February 21, 2008


Another ex-dhimmi for Darwin ... (Denyse O'Leary, 2/21/08, Post-Darwinist)

I just received this message from Jonathan Wells, author of Icons of Evolution and The Politically Incorrect Guide to Darwinism and Intelligent Design:

There was a time when I would half-heartedly join in the chorus that praises Darwin as a great scientist, even though some of his ideas were mistaken. Now, when I look for Darwin's positive contributions to biology, I see only that he made a persuasive case that something analogous to artificial selection operates in natural populations (a case also made by others, including A.R. Wallace). That and a few minor studies on barnacles, orchids, and such. But natural selection has never been shown to accomplish anything more than its artificial counterpart -- which is to say minor changes within existing species.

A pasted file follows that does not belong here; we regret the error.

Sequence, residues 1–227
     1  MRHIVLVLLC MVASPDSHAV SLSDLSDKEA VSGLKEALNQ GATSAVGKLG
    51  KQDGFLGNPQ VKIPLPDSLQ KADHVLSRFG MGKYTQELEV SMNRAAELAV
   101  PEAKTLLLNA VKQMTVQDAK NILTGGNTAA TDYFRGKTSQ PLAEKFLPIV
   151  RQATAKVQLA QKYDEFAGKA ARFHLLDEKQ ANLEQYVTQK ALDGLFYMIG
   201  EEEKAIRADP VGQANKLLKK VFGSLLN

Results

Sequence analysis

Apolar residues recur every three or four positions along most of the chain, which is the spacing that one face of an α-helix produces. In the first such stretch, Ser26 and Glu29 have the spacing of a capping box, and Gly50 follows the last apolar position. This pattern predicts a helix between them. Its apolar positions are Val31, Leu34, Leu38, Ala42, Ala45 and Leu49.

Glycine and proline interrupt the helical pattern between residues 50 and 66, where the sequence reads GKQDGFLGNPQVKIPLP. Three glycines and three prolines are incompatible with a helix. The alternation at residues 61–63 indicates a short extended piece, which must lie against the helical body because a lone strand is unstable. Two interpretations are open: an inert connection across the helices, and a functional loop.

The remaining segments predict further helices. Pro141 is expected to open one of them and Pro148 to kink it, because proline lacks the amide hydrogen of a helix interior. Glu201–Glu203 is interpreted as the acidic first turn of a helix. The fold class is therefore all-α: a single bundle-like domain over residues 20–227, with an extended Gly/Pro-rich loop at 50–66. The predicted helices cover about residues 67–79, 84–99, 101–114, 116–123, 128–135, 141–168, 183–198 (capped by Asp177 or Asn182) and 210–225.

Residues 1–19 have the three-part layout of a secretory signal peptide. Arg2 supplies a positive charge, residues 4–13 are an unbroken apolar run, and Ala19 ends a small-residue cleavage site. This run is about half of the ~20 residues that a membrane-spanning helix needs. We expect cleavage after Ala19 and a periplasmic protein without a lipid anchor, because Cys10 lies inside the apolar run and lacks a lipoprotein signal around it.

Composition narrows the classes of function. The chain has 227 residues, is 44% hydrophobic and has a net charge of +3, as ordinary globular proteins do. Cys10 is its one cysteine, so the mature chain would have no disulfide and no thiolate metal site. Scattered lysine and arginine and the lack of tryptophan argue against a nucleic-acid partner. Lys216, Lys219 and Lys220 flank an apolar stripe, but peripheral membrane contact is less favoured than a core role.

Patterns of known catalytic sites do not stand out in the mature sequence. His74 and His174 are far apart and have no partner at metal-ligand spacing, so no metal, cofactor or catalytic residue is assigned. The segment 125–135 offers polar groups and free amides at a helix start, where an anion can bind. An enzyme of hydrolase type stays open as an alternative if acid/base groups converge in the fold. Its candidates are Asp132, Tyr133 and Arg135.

All of Darwin's Big Ideas -- universal common ancestry, the origin of species by natural selection, inheritance by pangenesis -- are dead or dying. The last (pangenesis) has been disproved as decisively as any scientific hypothesis can be disproved; the second (speciation by natural selection) has never been observed, and all attempts to demonstrate it have failed; and the first (universal common ancestry, or UCA) has serious and growing problems with the evidence.

Having failed utterly as science,. Darwinism is moving to the ground where it always belonged, philosophy, Moral thinking: Biology invades a field philosophers thought was safely theirs (The Economist, 2/21/08)
WHENCE morality? That is a question which has troubled philosophers since their subject was invented. Two and a half millennia of debate have, however, failed to produce a satisfactory answer. So now it is time for someone else to have a go. And at a panel discussion at the American Association for the Advancement of Science meeting, a group of biologists did just that.

Posted by Orrin Judd at February 21, 2008 4:24 PM

Perhaps they were considering the Golgi apparatus as the ground of all goodness. Or the morality of the mitochondria. The mighty mitochondria. Or perhaps they discussed the nefarious nucleus.

I would note that the debate goes back much further than 500 BC. The Economist needs some new editors.

Posted by: ratbert at February 22, 2008 7:45 AM